Your dreaded Waisman Center appointment is at the end of April, which will more than likely result in a diagnosis of Cerebral Palsy (well, I prefer to use the word Spastic Dyplegia), but we'll cross that bridge when we get to it.

And you have another MRI scheduled for May to check for any late-onset Hydrocephalus due to that brain hemorrhage that occurred while you stayed in the NICU, but hopefully we won't have to visit Dr. Bennie (AFCH neurosurgeon) ever again after that.

So... That's that. Busy, but oh so worth it because it works because you work it! You are one determined little fellow, which brings me back to what you've taught me. There's been so much, buddy. More than I could probably write. You've taught me that it's ok to be sad or mad or disappointed and that it's ok to feel like I'm failing. You've also taught me that I'm not ~ failing, that is. (In other words, you've taught me to be proud, although it's a lot harder to be proud when it's so much easier to sulk ~ I'm working on it). You've taught me strength and determination and to appreciate the little things. You've taught me that it's ok to fail and try again.  But, most importantly, you've taught me to love, even if you're scared or if it seems impossible. I'll only tell you this once, but there was a time back in the beginning when I wasn't sure if I would love you... could love you. It makes me choke up as my fingers hit the keys on this computer because I couldn't fathom it now, but it was true. How things have changed... I love all that is you! And even though I would change it if I could (all of the appointments and procedures and the struggles you've faced and will continue to face) I would never change you and the fact is ~ that IS you.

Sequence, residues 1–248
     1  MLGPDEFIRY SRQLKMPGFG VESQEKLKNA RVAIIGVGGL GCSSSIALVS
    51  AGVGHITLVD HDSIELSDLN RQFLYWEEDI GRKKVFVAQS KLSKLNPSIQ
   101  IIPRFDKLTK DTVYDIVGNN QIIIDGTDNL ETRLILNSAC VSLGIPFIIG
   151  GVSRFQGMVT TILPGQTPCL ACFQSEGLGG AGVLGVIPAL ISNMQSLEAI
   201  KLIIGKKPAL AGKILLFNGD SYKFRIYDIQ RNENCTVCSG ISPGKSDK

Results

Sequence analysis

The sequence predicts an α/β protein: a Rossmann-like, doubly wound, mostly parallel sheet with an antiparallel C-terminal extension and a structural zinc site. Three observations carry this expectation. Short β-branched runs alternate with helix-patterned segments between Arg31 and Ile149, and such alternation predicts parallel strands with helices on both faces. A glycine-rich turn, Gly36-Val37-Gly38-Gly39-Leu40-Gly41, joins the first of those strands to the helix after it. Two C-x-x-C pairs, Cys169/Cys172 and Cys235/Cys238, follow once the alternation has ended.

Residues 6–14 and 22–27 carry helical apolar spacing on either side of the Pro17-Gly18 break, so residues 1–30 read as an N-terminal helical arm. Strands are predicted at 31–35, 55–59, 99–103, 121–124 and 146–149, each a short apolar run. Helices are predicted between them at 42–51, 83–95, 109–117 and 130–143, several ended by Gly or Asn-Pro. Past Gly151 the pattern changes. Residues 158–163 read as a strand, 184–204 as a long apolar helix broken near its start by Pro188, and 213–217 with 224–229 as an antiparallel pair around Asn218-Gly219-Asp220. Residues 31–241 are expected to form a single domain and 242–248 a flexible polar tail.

As we were leaving the Children's Hospital yesterday and I was standing at the reception desk booking yet another MRI (feeling sorry for myself and for you that "it" still wasn't over), I realized something. Yes. You're deaf and you struggle with movement and you have therapies up the wazoo and appointments and procedures and special plans written just for you and your development, but that's not you at all. YOU are the baby who literally has an entire room full of receptionists and nurses passing you around while you smile and flirt and giggle and gently grab their necklaces for a closer look. YOU are the baby who shrieks with delight when your big brother enters the room. YOU are the baby who waves at everyone, man, woman, and child at the store with a HUGE smile on your face. That is you... NOT CMV or CP or CI's!

I remember telling your Dad that a year ago, if someone would've told me our son would be profoundly deaf and have Cerebral Palsy, I would've been devastated. But, now it's not as hard to take because we know you. At the end of the day, you're still just Jayce. And I'm so glad for that! Thank you for being you.

Coming soon ~ happy birthday pics!

1 comment:

  1. You have had a crazy journey but you have overcome it all. You are always in my thoughts and prayers wishing you the best. I too stay home if i can help you at all in anyway please let me know. your a great mother i totally look up to you. Happy Birthday big boy